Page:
No repeat of Indian tactics: Murali - Sports News - Fanatics - the world's biggest events

No repeat of Indian tactics: Murali

By Jim Morton 05/11/2007 07:38:28 PM Comments (0)

Muttiah Muralitharan took a shot at India's aggressive, over-the-top tactics and declared Sri Lanka ready to attack Australia with bat and ball rather than lip and bluster.

The controversial spinner and fellow senior bowler Chaminda Vaas said the tourists would focus on playing smart, positive cricket in the true spirit of the game during their two-Test series, starting Thursday.

Muralitharan, eight Test wickets shy of Shane Warne's world record of 708, told a Brisbane lunch Sri Lanka had no designs on following the path of the ultra-aggressive Indians last month.

The Indians came off second best during their recent seven-match one-day series at home when demonstrative and intimidating antics backfired as Australia took a 4-2 result.

"(We want) to play decent cricket and not (approach it) like the Indians," Muralitharan said at Queensland Cricket's annual Test match luncheon.

"We'd like to play our game.

"The challenge is not to think about the end results."

Recognised by the International Cricket Council as the team who played the game in the best spirit at the ICC's annual awards in September, Sri Lanka have a fine on-field reputation.

Vaas said they would ensure their reputation is retained but wouldn't take a backward step against the world champions.

"We are not Indians. We are not going to play like the Indians did," he said.

"But when it comes to cricket you have to play aggressive cricket, five-day cricket.

"We are here to play good cricket and play smart cricket, and we (received the spirit of the game award) so we want to play good cricket and prove we can do something."

Sri Lanka have registered only one series victory over Australia in 25 years and have never won a Test match here.

Muralitharan isn't wasting time thinking about the prospect of breaking Warne's record and says he's more concerned about proving himself in Australia.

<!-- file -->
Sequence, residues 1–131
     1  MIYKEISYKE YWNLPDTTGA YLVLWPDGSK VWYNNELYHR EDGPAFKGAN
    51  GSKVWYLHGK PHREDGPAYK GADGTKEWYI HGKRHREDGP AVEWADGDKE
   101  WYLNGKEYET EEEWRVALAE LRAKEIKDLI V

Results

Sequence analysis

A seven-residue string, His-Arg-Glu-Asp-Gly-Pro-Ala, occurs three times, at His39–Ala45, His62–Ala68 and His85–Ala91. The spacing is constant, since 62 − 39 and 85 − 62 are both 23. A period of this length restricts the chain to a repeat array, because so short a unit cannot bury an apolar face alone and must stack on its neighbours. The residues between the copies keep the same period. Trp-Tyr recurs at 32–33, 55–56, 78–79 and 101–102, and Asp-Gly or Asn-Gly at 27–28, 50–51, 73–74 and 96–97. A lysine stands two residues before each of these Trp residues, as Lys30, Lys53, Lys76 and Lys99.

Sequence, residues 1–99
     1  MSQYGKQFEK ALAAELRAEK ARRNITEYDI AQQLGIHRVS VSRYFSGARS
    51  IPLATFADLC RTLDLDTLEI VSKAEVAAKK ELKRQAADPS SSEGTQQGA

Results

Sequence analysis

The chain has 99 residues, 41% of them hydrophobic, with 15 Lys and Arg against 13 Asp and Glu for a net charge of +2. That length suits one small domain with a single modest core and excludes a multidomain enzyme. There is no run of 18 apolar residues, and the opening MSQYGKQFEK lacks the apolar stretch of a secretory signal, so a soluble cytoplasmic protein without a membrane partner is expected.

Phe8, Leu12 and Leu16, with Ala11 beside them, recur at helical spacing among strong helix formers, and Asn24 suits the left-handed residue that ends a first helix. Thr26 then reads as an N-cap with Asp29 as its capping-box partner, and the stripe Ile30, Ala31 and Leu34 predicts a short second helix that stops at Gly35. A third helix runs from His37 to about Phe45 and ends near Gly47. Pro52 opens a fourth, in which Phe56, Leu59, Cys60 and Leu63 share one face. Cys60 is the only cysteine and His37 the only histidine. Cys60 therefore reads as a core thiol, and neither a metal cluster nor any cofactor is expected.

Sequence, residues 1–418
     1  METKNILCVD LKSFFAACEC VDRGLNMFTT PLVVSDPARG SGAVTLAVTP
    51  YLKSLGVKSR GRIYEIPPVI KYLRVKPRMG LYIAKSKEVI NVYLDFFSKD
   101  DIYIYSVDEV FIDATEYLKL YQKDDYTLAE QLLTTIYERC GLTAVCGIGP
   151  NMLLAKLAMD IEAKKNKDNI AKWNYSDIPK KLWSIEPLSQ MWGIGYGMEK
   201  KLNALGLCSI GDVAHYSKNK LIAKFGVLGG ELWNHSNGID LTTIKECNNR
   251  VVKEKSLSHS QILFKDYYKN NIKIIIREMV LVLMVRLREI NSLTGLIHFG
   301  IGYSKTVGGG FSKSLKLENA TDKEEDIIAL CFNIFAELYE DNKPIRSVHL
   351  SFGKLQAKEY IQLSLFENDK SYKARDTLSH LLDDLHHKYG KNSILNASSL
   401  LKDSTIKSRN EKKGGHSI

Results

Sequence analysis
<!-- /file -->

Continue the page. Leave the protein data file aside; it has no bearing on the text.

The 35-year-old averages 32.47 for his 67 wickets against Australia in 15 Tests, well down from his career mark of 21.33, but his record here is much worse with eight wickets in three Tests at 63.

On top of that he's been no-balled on two separate visits, suffered verbal crowd abuse and been pelted with fruit as well as hearing Prime Minister John Howard brand him a chucker.

The bowling magician revisited his darkest day, on Boxing Day in 1995 when Darrell Hair no-balled him seven times, and pointed to it as the start of the rocky relationship.

"I had a bad tour in 1995 and I want to forget that," he said.

"That's when it all started.

"I want to prove myself (in Australia) this time and show before I retire I can do something."

Australian crowds have warmed to him since the 2004 Boxing Day tsunami and the money-spinning benefit match which followed at the MCG but even the lunch on Monday showed he will certainly cop some taunts at the first Test at the Gabba.

When highlights of his career were shown on the big screen, at least one guest yelled out "no-ball".

Australian opener Matthew Hayden suggested it would be another tough tour for the spinner as none of his teammates harboured any Murali "ghosts".

"We've played him in his conditions and in our conditions, we've seen him across pretty much all parts of the world and I think we've handled him very well," Hayden said.

"Our job is to keep him out of play and I think we've definitely got the skills to do that."

Brought to you by AAP AAP © 2022 AAP

0 Comments about this article

Post a comment about this article

Please sign in to leave a comment.
Becoming a member is free and easy, sign up here.

« All sports news